Sunday, June 10, 2018

On autistic burnout and regression

If you have met and come across the writings and blogs of different autistic self advocates, chances are you are familiar with autistic burnout and passing.  I've never fully heard of the term until I became more active in the autistic community and started reading the writings of other self advocates like myself.  In fact as this article states, the concept of autistic burnout is rarely discussed among nonautistic professionals and parents.
Another phenomenon that can co-occur with burnout is "autistic regression." Unlike burnout, regression is widely known among nonautistic parents and professionals.  When an adult or child reverts to an earlier stage of development, parents and professional freak out  because they fear that their child or client is losing skills and won't ever gain it back.  They don't understand that what they see as "regression" is part of the "peaks" and "valleys" that characterize life.  Regression is a term that  is wrongly applied in certain situations and is a pathological term to describes the "lows" that autistic people go through.
I never knew that some of the challenges or limitations that I experienced throughout my adolescence as well as my young adult years could be the result of autistic burnout.  Until I knew these terms, I thought what I was going through was due to laziness or that I "was creating this in my head."  It wasn't until I started following various autism related pages on facebook and starting a twitter page that a lot of my fellow autistic peers were going through similar experiences.  There are days where the expectations of everyday life were just too much for me. Camouflaging myself just to get by in a society that was not built for me zaps my energy to the point that it barely leaves enough energy to do other things (e.g socializing, cleaning the house).    Whenever there is a layer upon layer of difficult situations (e.g. tests, exams) that demand a lot of coping skills, I can get easily irritated which can also lead me to get upset or it can lead to what we label as having a meltdown.   Sometimes, this can lead me to "lash out" aggressively without meaning to.  This is when self management just fails me and no behavioral therapy can entirely eliminate meltdowns due to burnout.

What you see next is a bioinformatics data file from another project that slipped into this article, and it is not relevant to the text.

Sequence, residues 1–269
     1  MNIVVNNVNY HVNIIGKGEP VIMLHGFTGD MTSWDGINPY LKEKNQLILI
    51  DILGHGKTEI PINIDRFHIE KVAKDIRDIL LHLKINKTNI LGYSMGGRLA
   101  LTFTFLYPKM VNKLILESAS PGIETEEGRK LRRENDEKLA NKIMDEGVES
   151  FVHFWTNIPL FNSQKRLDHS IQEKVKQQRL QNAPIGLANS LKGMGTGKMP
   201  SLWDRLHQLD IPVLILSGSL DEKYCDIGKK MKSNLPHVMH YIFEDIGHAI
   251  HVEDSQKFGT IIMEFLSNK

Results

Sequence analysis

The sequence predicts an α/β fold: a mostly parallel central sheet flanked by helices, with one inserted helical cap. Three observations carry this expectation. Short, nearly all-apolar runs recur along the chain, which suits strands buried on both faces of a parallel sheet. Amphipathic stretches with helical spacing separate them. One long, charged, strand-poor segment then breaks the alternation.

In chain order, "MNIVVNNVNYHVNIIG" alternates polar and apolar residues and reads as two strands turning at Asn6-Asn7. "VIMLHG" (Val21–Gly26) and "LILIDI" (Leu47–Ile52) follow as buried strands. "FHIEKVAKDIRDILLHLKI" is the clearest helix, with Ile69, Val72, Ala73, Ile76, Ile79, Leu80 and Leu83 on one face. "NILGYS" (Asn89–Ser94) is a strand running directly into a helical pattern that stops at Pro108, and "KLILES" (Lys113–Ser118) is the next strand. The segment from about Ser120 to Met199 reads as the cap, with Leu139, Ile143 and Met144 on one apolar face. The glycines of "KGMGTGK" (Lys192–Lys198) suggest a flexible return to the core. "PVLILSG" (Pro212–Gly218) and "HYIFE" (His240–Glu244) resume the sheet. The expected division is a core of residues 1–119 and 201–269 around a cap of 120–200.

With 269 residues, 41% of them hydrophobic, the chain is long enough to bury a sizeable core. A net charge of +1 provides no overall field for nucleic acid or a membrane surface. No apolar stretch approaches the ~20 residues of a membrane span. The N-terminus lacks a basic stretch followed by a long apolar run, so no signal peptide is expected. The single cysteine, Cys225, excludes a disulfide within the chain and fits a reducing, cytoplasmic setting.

Transitions can also excacerbate burnout and can precede "regression."   I've  experienced this with the numerous transitions I have went through during my young life.  However, I've felt the effects of regression the hardest when I left the structured nature of special education services in high school and transitioned to college. Since I had a lot of unstructured time, my anxiety was at an all time high and I felt depressed since I missed the high school so much.  For awhile, I felt sad and isolated and did not want to socialize that much.  In my third year of college,  I was experiencing a high level of anxiety about my upcoming transition to a four year university/dorm living.   In dealing with this transition,  I rediscovered my interests in Hello Kitty, Disney Princess and other kitschy characters that are related to childhood innocence.  This may look like regression  because I am reverting back to a childlike state or "old childhood interests.  In reality,  this is how I cope with change because it is the one thing I can hang on to.
If you or your loved one is experiencing burnout or having regression due to transitions, it is important to not freak out.  Instead try to be supportive of an autistic adult or child experiencing burnout and come up with an action plan together in trying reduce the amount of negative stress and anxiety burnout brings.  As for regression, a lot of times (especially true for teens and adults) it is related to something that is going on in the autistic person's life (e.g. moving to a new place).  Please understand that just like other humans, autistic people go through "dark periods" as well and it does not mean they have lost skills and will never gain it back.  If you or your loved one is in the midst of regression, just let it run its natural course and have the confidence that it will all work well in the end.  Regression is not necessarily a bad thing and we need to stop attaching negative stigma to it.
We need to bring more awareness and recognition of the signs of autistic burnout in the mental health fields so professionals can effectively help the autistic population.

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